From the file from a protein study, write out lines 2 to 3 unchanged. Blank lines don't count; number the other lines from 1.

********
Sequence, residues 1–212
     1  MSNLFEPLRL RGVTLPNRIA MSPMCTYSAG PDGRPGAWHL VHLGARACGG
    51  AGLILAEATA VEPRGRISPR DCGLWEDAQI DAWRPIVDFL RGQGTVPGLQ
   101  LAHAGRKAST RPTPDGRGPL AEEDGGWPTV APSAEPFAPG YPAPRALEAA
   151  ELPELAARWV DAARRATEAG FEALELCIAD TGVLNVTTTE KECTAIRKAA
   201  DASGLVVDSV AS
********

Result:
     1  MSNLFEPLRL RGVTLPNRIA MSPMCTYSAG PDGRPGAWHL VHLGARACGG
    51  AGLILAEATA VEPRGRISPR DCGLWEDAQI DAWRPIVDFL RGQGTVPGLQ